Also, if you've ever actually met a teen-ager and heard them talk about adults you may be aware that from time to time teen-agers don't completely respect their elders.

And.....(and I can't stress this enough), a lot of times things kids kvetch about never learning or being told, they quite simply were. They WERE. They were taught that. They just don't remember. It wasn't a day they were paying attention or a class they thought was important. They were tuning out. They've forgotten. That was the day they were late because of an orthodontist appointment. They were sick. It was mentioned, but wasn't a whole day's lesson complete with scaffolding, so it didn't stick. Most humans can't remember what was on our tests a few days after we take them. How are we supposed to know for sure we never heard some throw away line about authorial intent?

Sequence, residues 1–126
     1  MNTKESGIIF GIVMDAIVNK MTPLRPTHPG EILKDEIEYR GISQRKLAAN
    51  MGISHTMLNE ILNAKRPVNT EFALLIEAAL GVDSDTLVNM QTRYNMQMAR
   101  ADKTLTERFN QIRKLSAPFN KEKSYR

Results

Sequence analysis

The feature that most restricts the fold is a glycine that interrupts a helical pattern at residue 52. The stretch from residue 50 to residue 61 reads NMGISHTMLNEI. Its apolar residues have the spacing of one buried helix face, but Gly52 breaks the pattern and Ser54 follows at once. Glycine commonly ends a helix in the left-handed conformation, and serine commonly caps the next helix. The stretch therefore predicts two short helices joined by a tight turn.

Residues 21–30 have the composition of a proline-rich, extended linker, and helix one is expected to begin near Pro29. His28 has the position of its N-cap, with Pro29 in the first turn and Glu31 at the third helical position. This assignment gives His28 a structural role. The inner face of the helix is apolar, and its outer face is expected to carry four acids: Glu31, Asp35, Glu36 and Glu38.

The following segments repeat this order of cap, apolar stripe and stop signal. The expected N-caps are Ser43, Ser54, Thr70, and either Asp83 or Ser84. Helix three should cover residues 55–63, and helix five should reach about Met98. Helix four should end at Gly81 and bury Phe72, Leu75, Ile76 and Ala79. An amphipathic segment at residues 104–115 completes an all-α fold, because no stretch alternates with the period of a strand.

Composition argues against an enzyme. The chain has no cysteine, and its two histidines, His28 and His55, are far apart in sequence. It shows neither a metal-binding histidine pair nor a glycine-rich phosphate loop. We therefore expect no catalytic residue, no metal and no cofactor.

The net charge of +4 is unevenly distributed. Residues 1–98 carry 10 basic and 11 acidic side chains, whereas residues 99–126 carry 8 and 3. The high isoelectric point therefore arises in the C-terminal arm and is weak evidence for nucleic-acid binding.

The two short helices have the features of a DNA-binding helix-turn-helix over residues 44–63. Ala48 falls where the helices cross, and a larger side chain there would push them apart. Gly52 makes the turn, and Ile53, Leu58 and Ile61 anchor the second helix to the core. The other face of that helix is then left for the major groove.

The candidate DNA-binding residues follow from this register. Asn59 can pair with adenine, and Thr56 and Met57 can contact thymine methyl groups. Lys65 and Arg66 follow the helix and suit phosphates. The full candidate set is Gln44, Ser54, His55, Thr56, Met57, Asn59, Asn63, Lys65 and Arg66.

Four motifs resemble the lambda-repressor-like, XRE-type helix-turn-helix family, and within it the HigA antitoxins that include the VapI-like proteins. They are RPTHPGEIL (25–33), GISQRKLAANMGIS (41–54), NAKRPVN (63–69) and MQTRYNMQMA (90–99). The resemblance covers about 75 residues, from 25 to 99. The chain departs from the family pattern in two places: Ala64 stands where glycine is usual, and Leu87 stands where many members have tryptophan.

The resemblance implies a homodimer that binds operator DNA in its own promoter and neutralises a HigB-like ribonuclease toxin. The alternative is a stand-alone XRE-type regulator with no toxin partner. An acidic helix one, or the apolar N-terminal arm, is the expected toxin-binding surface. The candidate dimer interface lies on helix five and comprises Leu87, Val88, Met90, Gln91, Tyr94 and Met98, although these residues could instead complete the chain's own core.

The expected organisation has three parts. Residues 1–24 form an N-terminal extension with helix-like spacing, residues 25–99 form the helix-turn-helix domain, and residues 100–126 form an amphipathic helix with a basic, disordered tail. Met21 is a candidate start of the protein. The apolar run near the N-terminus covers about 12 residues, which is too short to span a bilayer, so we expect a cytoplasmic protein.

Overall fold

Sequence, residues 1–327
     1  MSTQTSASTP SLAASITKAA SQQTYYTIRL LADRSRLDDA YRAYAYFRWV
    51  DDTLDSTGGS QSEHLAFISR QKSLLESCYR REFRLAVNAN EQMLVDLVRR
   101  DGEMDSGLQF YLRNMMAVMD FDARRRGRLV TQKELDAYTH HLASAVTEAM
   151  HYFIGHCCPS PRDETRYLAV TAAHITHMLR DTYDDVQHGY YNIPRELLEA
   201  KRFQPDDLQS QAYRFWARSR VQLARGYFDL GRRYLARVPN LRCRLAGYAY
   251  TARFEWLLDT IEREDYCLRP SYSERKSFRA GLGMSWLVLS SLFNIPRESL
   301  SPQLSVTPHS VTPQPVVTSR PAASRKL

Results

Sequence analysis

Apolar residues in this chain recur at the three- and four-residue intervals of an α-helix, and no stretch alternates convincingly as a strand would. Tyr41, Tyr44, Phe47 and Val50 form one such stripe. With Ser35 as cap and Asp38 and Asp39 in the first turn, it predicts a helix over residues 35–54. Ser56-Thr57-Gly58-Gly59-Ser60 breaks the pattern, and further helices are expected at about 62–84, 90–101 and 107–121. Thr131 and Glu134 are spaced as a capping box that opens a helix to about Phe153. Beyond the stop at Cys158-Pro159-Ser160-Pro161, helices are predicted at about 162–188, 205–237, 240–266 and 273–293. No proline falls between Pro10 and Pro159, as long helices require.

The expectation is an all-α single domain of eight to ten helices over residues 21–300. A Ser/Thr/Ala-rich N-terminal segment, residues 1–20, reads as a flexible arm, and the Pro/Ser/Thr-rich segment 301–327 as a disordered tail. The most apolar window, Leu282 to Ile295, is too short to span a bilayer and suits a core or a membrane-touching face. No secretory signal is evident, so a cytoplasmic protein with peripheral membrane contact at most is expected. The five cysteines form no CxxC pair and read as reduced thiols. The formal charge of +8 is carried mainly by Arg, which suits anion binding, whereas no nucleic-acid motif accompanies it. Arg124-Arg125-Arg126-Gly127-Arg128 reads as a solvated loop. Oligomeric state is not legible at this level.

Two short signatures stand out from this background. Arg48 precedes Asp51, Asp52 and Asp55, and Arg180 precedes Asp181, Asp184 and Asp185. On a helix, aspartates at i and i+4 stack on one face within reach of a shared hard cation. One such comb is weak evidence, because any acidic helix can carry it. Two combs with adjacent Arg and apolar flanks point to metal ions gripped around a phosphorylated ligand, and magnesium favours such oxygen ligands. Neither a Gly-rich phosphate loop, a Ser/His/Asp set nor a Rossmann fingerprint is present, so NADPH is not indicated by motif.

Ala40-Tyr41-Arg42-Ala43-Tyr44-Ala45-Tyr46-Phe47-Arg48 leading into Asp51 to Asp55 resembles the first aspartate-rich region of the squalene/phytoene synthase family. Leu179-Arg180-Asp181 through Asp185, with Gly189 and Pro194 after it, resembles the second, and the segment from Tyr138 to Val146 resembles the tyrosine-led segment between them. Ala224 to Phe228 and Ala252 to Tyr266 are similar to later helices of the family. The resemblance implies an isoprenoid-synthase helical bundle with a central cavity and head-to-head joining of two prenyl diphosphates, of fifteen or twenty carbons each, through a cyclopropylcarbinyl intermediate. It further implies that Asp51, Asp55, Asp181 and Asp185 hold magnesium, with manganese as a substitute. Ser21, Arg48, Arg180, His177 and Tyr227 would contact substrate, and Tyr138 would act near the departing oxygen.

Remembering that we all THOUGHT we knew more than our teachers is probably a bit different than what we actually knew. Eye witness accounts are some of the worst evidence in law. Psychology has proven time and again that memory is demonstrably fallible. And that is a period of time where people's biases and filters are turned up to eleven.

So even when people tell me today that they knew more than their teachers, my first thought is to wonder if they didn't really just know more than that day's lesson, and that their attempts to communicate their grasp of one concept and readiness to move on to the next concept probably looked a lot more like a skull examining eye roll and, "This is stupid. When are we ever going to use this?" and a lot less like, "I believe I've got a handle on this metaphor. Is there a lens of greater complexity through which I could examine this story in order to challenge myself, Mr. Andre?"